First, there’s no doubt that people are staying in their homes longer, which limits the number of houses for sale in any given market. According to ATTOM Data Solutions, a real estate data provider, the average time a homeowner spends in a single home has grown from about four years to more than eight years since the financial crisis.
It’s also true that baby boomers living alone are occupying more housing. Baby boomers, true to their name, are a large generation, so as they age they’re increasing the total number of senior citizens across different age groups.
Census data show that the percentage of homeowners and renters who are seniors who live alone has been steadily growing since 2005, primarily because of the sheer number of boomers who are moving into the older age demographics relative to previous generations.
Real estate listings site Trulia conducted a study to examine whether the rise in the number of senior citizens living alone is the root cause of the housing affordability crisis. While the trend of boomers living alone and not downsizing is happening in aggregate across the nation, there’s no such thing as a national housing market. A home for sale in Dallas doesn’t matter to someone looking to buy a home in Chicago, and thus any market forces playing out in Dallas aren’t necessarily playing out in Chicago.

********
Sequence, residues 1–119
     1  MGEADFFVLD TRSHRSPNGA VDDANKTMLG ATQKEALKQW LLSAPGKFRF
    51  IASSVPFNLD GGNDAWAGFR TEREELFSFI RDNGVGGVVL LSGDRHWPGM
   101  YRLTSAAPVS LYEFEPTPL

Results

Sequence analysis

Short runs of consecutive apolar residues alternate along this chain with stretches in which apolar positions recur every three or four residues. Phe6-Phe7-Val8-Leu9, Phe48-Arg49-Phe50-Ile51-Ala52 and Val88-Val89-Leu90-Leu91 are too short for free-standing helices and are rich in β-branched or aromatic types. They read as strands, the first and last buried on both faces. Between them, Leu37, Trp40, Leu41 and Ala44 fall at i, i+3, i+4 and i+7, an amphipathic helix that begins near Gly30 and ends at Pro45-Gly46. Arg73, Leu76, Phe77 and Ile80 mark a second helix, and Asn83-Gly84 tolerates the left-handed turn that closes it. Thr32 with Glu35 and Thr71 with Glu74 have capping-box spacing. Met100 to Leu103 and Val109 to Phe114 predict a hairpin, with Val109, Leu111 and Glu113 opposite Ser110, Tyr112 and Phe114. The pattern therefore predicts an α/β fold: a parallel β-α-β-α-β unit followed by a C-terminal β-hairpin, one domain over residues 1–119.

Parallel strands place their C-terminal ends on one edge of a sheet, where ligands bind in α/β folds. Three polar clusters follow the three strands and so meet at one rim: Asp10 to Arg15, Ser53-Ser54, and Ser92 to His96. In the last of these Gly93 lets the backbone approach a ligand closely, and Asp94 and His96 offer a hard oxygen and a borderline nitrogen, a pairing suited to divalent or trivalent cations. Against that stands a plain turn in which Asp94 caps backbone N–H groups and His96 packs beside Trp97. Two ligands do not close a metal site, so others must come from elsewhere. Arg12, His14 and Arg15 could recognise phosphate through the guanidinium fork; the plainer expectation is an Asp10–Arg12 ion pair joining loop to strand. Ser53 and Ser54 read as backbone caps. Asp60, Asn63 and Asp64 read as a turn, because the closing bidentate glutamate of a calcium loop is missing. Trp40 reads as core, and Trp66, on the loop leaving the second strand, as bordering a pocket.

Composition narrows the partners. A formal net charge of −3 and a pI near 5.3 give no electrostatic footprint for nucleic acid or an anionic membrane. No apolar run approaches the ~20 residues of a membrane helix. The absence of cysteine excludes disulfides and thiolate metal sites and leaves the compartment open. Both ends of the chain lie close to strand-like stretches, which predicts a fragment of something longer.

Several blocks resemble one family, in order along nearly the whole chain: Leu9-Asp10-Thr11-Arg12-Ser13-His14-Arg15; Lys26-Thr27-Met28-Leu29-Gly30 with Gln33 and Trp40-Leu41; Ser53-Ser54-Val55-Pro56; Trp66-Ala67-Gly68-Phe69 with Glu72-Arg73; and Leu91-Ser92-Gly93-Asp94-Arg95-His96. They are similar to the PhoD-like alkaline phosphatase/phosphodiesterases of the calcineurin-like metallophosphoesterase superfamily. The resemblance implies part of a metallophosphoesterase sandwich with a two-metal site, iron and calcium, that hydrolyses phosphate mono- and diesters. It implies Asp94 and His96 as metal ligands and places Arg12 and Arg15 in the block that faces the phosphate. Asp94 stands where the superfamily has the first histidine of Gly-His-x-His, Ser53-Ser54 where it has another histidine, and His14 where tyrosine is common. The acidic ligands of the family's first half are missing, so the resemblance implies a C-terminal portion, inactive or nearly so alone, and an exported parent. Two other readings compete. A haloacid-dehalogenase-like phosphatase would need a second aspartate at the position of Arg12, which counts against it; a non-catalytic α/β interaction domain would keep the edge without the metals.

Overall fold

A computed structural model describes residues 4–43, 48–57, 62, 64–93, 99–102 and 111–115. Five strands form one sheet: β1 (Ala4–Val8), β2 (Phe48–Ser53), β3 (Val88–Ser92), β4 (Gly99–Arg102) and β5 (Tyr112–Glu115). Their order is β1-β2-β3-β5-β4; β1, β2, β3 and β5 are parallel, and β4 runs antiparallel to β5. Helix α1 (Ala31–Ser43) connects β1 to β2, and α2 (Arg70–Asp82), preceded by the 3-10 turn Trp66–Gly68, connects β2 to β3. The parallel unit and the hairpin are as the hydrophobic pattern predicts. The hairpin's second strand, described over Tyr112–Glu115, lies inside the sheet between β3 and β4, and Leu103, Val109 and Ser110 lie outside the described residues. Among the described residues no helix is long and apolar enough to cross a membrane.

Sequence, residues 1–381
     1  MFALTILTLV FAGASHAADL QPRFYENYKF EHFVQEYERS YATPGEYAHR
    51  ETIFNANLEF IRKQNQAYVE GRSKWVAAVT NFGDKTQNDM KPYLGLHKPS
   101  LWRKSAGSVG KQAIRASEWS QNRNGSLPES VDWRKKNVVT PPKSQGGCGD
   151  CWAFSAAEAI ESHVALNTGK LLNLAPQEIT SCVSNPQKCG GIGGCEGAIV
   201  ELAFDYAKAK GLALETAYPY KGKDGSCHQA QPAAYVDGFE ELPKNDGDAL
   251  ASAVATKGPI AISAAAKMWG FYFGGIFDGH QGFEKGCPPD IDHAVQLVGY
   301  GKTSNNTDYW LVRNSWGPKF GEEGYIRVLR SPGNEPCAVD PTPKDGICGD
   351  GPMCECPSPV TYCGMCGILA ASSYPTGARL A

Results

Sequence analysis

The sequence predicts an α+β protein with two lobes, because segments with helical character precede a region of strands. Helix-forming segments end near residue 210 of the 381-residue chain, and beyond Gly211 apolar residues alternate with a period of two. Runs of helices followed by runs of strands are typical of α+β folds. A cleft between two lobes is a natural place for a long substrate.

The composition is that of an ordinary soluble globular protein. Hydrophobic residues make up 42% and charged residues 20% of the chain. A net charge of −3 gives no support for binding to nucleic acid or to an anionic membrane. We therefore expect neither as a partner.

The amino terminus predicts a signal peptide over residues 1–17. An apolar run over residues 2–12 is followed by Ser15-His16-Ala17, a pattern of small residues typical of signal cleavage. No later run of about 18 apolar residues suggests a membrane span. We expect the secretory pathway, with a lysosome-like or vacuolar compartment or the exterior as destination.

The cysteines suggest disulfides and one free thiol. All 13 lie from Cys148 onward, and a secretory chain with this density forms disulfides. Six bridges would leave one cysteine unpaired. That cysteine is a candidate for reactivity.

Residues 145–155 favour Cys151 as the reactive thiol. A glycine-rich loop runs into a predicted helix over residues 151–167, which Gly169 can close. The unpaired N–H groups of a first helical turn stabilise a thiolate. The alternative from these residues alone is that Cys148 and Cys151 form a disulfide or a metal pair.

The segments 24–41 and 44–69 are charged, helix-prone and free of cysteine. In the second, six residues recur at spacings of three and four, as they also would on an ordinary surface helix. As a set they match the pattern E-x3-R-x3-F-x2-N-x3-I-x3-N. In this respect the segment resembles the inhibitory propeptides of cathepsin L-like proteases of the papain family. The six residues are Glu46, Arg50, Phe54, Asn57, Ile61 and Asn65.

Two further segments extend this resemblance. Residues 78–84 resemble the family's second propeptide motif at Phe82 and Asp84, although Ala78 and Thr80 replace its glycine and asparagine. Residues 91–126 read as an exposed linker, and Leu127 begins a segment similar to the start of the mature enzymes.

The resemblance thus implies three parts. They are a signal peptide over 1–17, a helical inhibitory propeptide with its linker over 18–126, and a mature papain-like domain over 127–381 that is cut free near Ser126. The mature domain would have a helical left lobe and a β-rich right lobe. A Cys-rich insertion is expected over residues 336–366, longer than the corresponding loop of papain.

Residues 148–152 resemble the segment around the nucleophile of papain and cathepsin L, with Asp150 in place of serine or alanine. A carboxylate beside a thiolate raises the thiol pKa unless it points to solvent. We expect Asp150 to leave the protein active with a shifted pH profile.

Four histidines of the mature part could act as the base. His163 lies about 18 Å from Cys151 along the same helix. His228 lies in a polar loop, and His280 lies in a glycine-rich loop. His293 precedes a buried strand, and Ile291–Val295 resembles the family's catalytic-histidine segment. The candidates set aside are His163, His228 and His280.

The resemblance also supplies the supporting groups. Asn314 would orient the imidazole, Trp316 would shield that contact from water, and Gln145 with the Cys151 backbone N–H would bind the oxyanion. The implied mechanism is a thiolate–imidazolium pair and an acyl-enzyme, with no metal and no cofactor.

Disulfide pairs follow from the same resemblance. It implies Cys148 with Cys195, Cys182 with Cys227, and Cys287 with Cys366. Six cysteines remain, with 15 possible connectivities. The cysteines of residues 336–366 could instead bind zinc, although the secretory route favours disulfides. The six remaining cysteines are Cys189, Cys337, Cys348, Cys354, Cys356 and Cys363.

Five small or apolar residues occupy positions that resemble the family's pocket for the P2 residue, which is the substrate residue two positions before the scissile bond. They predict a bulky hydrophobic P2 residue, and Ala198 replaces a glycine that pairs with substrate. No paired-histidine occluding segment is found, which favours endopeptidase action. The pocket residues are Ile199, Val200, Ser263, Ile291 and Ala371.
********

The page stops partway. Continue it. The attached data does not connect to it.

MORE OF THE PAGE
This means that to assess what impact boomers living alone are having on the housing market, one has to look at each city’s housing market individually. Trulia looked at the 100 largest metro markets in the United States to see where boomers are failing to downsize the most and what affordability is like in that city.
They defined “able to downsize” as a senior citizen living in a single-family house by themselves. They plotted the percentage of seniors who were able to downsize in each city against housing affordability in that city. In the data visual below, click on the dots to see which cities fall where on the spectrum.
The cities in the upper left quadrant are cities where there are a lot of seniors who can downsize but housing affordability isn’t a problem. This is where most of the cities fall. The cities in the bottom right quadrant are expensive cities where there aren’t a lot of boomers who can downsize and add to the available housing stock.